In an ordinary environment, this probably wouldn't be much of an issue, and a resourceful IT staff probably has an extra server, or a workstation with lots of memory, that it can wheel into place for this task. In fact, a more realistic simulation for Bigcorp would have included a second NetWare server to add some fault-tolerance to NDS. (Novell recommends placing replicas of NDS on three servers if possible.) These considerations led me to add a NetWare server to the Bigcorp network, thus allowing me to complete the project. The key here is that you don't need anything more than a five-user license for NetWare, but if your NDS trees hold thousands of objects, you will need extra RAM and CPU horsepower on the server that's running DSMERGE. This can substantially reduce the time required to process the trees and can reduce the chance of corrupting NDS data due to low-memory conditions.
An alternative solution, but not one I would recommend, involves using the beta of Novell's DirXML product. This contains a prerelease version of NDS 8.5 and includes the merging features Novell left out of NDS 8 and eDirectory.
Even with the simple work-around, it wouldn't quite be a slam dunk. Merging NDS trees from NetWare 5 installations is trickier than performing the same operation on NetWare 4.x servers. The hitch is the Security object, a feature of NetWare 5.x that provides the hooks for adding PKI (public key infrastructure) support to NDS. It also complicates matters, as there can be only one Security container in a tree. In our case, we weren't using PKI on Smallco's NetWare 5.1 server, so the prospect of deleting this container from Smallco's tree didn't faze us. If Smallco's NetWare server had issued any certificates, they would have become invalid, but that wasn't the case here.
In the end, I found that it pays to be flexible when integrating NetWare installations. If you plan ahead and ask the right questions, you'll probably come out of the project OK. Although I thought I had painted myself into a corner, it turned out to be nothing that a resourceful, and well-funded, team couldn't solve. For this evaluation, Novell NetWare did a very good job providing ways to integrate with itself and other operating systems. Although there are some holes in the fabric, it's still one of the best choices for a versatile, flexible network operating system. I give NetWare a score of Very Good for interoperability.
P.J. Connolly (firstname.lastname@example.org) is a technology analyst in the InfoWorld Test Center. He covers network operating systems and other network software and hardware.
Netware, Macintosh reach a compromise
Any organization with Apple Macintosh users will confirm that Microsoft doesn't completely own the desktop. Shops often find it easier to coexist with islands of Mac OS machines, instead of forcing the content creators and designers who are the platform's most fervent loyalists to switch to Windows. Although Macs themselves traditionally require less support, they present challenges and sometimes unpleasant choices to IT managers.
In the past, the idiosyncrasies of Mac OS and NetWare limited you to one of two unnatural choices: Either you added IPX to your Macintosh, or you made your NetWare server run AppleShare protocols. Either method has its advantages. If you have only a few Macs, adding an IPX client is less disruptive than enabling a new protocol on your file server. On the other hand, you'll be attracted to a server-based solution if you don't have time to touch many desktops.
Novell used to offer both client-and server-based solutions; but unfortunately for customers, this sensible arrangement ended in 1998 with the release of NetWare 5 and Novell's decision to farm out its Macintosh development effort to Prosoft Engineering. Although Prosoft has shipped two minor releases to the client and a new version of the server software since then, anecdotal evidence indicates that shops with Mac clients have put off upgrading to NetWare 5.x because of the additional expense and hassle.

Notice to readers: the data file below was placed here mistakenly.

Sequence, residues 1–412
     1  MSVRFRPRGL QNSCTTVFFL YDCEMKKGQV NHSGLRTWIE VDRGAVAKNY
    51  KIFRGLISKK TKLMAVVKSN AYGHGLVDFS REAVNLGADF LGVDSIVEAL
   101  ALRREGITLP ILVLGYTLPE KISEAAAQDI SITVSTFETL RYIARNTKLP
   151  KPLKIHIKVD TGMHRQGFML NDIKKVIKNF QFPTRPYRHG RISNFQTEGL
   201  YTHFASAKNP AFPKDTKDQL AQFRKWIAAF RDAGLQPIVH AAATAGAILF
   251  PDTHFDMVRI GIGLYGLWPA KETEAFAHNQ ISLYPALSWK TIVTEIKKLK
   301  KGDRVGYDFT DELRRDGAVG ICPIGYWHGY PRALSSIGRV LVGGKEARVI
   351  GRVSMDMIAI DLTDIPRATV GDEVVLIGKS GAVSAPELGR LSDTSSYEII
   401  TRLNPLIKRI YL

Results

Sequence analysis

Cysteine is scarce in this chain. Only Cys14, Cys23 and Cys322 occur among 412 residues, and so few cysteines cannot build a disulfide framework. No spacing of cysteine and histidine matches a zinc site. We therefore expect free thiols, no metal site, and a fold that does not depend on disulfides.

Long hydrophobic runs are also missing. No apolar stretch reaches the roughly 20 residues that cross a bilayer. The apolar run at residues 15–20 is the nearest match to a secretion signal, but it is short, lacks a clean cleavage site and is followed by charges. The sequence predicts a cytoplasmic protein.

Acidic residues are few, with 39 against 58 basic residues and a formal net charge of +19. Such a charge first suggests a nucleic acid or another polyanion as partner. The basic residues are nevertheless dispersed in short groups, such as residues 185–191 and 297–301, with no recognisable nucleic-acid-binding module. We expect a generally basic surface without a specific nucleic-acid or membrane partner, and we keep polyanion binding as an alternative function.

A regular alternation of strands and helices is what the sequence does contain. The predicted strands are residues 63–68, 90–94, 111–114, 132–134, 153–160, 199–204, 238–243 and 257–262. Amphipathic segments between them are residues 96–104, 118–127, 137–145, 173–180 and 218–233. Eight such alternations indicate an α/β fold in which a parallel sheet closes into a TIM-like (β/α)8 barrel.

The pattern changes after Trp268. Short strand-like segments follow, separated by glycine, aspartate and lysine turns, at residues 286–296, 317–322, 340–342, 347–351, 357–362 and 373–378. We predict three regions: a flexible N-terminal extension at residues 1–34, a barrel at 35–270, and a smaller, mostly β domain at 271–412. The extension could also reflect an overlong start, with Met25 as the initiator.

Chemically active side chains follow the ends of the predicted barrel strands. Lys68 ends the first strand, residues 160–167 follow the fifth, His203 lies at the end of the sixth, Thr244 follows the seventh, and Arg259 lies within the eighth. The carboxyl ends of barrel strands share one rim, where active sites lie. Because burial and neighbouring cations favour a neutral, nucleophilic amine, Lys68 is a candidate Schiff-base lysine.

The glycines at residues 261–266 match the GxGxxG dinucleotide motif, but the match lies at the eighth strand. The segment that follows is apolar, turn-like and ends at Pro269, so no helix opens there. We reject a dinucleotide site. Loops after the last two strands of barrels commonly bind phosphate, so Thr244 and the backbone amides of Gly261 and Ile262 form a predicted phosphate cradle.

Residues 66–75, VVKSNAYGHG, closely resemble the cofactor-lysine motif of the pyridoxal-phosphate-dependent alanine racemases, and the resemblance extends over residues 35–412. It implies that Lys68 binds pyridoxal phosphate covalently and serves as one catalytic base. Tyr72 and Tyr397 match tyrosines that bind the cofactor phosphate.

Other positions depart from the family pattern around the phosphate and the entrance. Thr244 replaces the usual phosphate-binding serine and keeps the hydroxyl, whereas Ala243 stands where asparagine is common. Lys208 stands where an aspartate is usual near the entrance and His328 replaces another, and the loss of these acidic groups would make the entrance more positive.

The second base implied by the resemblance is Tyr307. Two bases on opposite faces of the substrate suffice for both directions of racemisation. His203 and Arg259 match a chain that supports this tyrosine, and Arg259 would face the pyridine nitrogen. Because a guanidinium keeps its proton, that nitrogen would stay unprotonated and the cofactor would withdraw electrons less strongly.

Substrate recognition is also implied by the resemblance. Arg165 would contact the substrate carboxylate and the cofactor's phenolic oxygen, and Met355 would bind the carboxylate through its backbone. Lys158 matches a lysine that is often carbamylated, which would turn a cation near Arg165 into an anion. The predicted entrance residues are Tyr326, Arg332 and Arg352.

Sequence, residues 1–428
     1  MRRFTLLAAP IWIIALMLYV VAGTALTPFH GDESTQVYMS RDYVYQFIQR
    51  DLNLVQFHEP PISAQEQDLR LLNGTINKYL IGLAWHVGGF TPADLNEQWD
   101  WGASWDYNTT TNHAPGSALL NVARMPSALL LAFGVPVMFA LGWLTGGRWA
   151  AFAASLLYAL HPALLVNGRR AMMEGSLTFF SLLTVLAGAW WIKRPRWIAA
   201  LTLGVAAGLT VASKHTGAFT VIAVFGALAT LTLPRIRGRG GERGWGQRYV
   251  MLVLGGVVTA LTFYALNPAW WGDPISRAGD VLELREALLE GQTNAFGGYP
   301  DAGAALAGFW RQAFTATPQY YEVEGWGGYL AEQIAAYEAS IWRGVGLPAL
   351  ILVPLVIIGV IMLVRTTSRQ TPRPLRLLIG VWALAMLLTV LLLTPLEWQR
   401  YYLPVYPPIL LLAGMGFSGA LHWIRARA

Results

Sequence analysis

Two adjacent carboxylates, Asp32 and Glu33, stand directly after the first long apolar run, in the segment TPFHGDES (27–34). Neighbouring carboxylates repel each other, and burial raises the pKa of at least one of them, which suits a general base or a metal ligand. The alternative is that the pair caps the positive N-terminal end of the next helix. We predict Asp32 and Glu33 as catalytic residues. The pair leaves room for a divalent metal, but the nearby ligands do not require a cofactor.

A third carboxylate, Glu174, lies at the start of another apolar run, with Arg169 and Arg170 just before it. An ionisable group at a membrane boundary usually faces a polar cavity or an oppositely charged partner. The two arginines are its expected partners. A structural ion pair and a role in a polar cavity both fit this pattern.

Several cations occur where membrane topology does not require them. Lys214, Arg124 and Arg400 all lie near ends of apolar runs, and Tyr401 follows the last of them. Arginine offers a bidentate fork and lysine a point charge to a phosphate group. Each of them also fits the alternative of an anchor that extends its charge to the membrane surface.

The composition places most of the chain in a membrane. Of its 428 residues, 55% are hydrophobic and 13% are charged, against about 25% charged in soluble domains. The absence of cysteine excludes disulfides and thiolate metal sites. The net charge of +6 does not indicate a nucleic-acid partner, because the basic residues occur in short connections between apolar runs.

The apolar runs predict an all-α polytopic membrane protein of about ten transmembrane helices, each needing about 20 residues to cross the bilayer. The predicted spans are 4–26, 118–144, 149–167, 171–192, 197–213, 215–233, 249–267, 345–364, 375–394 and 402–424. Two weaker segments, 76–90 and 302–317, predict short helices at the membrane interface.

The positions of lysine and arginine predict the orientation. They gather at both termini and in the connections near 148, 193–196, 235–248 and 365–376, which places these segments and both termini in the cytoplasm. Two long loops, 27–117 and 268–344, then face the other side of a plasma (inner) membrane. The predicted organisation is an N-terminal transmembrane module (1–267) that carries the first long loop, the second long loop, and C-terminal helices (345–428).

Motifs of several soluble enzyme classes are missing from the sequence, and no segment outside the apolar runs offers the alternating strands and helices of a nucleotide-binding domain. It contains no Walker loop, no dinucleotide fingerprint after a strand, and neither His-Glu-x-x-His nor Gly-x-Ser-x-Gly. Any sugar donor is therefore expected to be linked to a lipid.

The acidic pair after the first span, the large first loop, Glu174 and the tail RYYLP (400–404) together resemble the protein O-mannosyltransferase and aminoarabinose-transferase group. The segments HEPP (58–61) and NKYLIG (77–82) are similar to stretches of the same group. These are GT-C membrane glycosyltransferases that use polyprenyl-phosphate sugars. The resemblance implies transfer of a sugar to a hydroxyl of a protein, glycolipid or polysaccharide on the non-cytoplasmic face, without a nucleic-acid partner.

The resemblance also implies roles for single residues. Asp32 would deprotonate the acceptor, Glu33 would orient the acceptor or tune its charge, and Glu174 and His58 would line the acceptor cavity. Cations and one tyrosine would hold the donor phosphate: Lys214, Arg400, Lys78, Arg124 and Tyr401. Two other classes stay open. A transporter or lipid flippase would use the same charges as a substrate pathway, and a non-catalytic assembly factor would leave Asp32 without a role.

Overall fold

Certainly, customers resist paying for what they used to get for free -- and the Prosoft products don't come cheap. Our testing confirms that shops upgrading from NetWare 4.x may be able to use the Novell-supplied Mac client (Version 5.11) to access NetWare 5.x servers. But new customers have to pay up to $89 per desk to use Prosoft's Mac client (Version 5.13) or $695 per NetWare server to use Prosoft's NetWare 5 Services for AppleShare. Shops with large numbers of clients or servers get a break, as Prosoft offers aggressive discounts to these single-copy prices.
Another frustration when connecting Macs to a NetWare 5.x network is that NetWare no longer requires the IPX protocol. Unfortunately, that message hasn't quite seeped through to Prosoft's engineers -- even though NetWare 5 shipped more than 18 months ago. It's ironic that our only reason for using IPX on the NetWare test bed was to connect a Mac client. To be fair, Prosoft's Mac client improves on Novell's last attempt. Mac users will particularly enjoy the ability to select NetWare resources via the Chooser (the Mac's native network browser).
Recent statements from both companies indicate their awareness of the current situation's defects. In March, Novell announced that it would release NetWare 5 File and Print Services for Macintosh (a server-based product) later this year, while Prosoft indicated that an IP-based client for Mac OS desktops might be available this summer. For the time being, Novell will focus on server products, with Prosoft continuing client development efforts.
Prosoft Engineering Inc., in Pleasanton, California, is at www.prosofteng.com.
THE BOTTOM LINE: VERY GOOD
Novell NetWare 5.1 interoperability
Business Case: It pays to decide just how far to go when integrating two NetWare installations. Overdoing it can mean wasting effort and money on a project that looks nice on paper but delivers little to customers and users.
Conversely, if you fail to carry your integration as far as your resources permit, you won't get the most from your IT investment.
Technology Case: Simple NetWare integrations don't require much effort -- even the complex problem we faced had a simple solution.
+ Standard-issue NDS environments integrate easily with other NDS trees+ Simple integration tasks are easy to perform via ConsoleOne, NDS Manager, and NWAdmin administration tools+ Connecting to multiple trees is easy via client softwareCons:
- Latest Novell NDS does not easily integrate with other NDS trees- Existing LDAP services replace, rather than integrate with, Novell's LDAP services- Macintosh client software, previously free, now a separate purchase from third-party developer- Mac client software requires IPXNovell Inc., Provo, Utah; (801) 222-6000; www.novell.com.